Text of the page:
In a rare release of official information, the Banco Central de Venezuela (BCV) announced revealed today that money supply increased 1,069% in 2017. The figure corresponds to the total amount of money circulating in Venezuela at the close of 2017, which the BCV claimed reached Bs. 122 billion.
The BCV seldom publishes official economic information, a trend that started two years ago when the central bank stopped providing inflation figures.
Today’s figures from the BCV reveal one of the root causes of the country’s inflation crisis, which may have reached as high as 2,700% in 2017: the printing of money to fund state expenses. While inflation is a complex phenomenon, it is generally understood that increasing the number of bills in circulation without a corresponding increase in the number of goods and services available will tend to drive the price of those goods and services.
The BCV money supply numbers were released as Francisco Ibarra, the head of the Econometrica financial firm, warned that the country’s inflation rate could reach 30,000% this year, a much higher figure than the 3,000%-5,000% that other economists have forecast for 2018. In an article published in El Nuevo Herald today, Ibarra said:
Those who continue to forecast a 2018 inflation rate in Venezuela of 5,000% are not correctly understanding what is happening in the country. We could hit that 5,000% inflation rate in February.
According to Ibarra, economists have not paid attention to the acceleration in the rate of inflation that began to be registered in the second half of the year. While the August inflation rate 33.7%, the December rate was 81%.
El Nuevo Herald points out that another indicator of the country’s worsening inflation crisis is the measure how how many times per year the inflation rate doubles. According to the article, the 2017 inflation rate doubled approximately six times more than in 2016. According to economist Alexander Guerrero, 2018 could see inflation double “between 35 and 40 times”.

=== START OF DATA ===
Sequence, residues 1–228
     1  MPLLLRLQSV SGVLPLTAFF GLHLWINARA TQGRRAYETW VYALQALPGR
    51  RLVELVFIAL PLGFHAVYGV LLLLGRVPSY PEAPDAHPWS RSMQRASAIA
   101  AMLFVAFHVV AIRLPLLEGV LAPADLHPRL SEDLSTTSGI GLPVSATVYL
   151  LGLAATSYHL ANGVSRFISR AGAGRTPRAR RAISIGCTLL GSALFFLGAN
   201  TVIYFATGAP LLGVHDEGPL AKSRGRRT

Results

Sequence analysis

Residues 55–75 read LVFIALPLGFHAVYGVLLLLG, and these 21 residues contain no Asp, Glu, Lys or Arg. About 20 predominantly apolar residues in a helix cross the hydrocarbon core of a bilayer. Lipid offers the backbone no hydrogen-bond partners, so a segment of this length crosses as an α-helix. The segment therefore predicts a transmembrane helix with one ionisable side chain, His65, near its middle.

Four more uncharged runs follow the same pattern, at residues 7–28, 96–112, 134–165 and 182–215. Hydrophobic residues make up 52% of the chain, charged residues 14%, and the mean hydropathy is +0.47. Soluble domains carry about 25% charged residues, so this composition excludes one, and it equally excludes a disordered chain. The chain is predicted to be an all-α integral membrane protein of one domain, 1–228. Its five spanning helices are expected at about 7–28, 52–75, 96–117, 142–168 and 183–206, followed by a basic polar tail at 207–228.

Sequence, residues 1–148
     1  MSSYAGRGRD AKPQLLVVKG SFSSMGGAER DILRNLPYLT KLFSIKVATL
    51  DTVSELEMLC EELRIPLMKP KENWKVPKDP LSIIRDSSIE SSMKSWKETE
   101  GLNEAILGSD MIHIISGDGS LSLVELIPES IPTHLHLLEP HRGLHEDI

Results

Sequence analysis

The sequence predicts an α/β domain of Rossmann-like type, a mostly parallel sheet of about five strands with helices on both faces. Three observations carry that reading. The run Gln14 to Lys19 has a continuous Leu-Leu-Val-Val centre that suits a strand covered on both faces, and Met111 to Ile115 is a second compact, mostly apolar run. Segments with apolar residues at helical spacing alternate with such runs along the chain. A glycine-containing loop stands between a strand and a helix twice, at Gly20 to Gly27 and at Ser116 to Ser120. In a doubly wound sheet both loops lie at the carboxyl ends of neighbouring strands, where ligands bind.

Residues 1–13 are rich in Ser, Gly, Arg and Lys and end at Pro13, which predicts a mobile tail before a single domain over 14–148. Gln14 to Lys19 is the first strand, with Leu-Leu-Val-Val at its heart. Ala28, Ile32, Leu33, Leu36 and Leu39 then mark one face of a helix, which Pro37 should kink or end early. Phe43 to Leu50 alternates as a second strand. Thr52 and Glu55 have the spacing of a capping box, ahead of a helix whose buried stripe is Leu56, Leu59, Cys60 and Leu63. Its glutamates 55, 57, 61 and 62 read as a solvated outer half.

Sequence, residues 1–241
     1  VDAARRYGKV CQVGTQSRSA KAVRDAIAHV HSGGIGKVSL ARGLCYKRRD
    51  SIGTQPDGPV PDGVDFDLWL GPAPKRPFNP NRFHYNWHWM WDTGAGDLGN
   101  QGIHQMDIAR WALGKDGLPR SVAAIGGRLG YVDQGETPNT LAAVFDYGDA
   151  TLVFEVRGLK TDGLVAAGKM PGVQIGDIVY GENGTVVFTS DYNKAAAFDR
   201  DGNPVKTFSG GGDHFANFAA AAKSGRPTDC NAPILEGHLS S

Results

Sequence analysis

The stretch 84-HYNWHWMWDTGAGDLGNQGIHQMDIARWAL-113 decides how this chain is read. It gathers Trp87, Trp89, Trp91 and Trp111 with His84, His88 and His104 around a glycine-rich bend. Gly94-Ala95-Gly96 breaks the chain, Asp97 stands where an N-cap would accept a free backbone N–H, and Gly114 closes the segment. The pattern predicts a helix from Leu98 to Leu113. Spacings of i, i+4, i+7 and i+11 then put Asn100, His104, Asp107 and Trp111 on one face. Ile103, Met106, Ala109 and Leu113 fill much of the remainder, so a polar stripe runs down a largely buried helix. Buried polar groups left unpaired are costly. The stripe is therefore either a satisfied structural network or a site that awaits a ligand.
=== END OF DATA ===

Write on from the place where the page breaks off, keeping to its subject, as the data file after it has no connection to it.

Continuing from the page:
Political Prisoners’ Court Appearance Deferred for 44th Time
Today, the preliminary hearing for Lorent Saleh and Gabriel Valles was deferred for a 44th time, extending the pair’s stay in legal limbo indefinitely.
Saleh and Valles have been in prison since September 2014. The two belonged to an anti-government political organization called Operacion Libertad which operated partially out of Colombia, where the two men lived. They were arrested by Colombian authorities and handed over to the Maduro regime at Caracas’ request in 2014.
Saleh’s lawyer, Juan Luis Gonzalez, spoke to reporters after today’s audience was deferred due to the fact that the court did not go into session. Gonzalez said that the 44 deferrals have always had two causes: either the court is not in session, or the authorities fail to transport Saleh to the court.
The pair have often been accused by regime officials of working closely with Colombian paramilitary groups and former Colombian vice president Alvaro Uribe to overthrow the Maduro regime.
Saleh and Valles spent 26 months in solitary confinement in La Tumba [the Tomb], which is the nickname of the underground prison beneath the headquarters of the regime’s political police, the SEBIN.
Upon learning that her son’s hearing had been deferred again, Saleh’s mother said:
This is the fourth Christmas and the fourth New Year that they’re spending locked up, but they are strong and they are continuing to resist.
Saleh and Valles’ first run-in with the law was in 2011, when they were arrested carrying slingshots and anti-Chavez signs to a protest. The two fled to Colombia in 2013, where they remained until their arrest in 2014.
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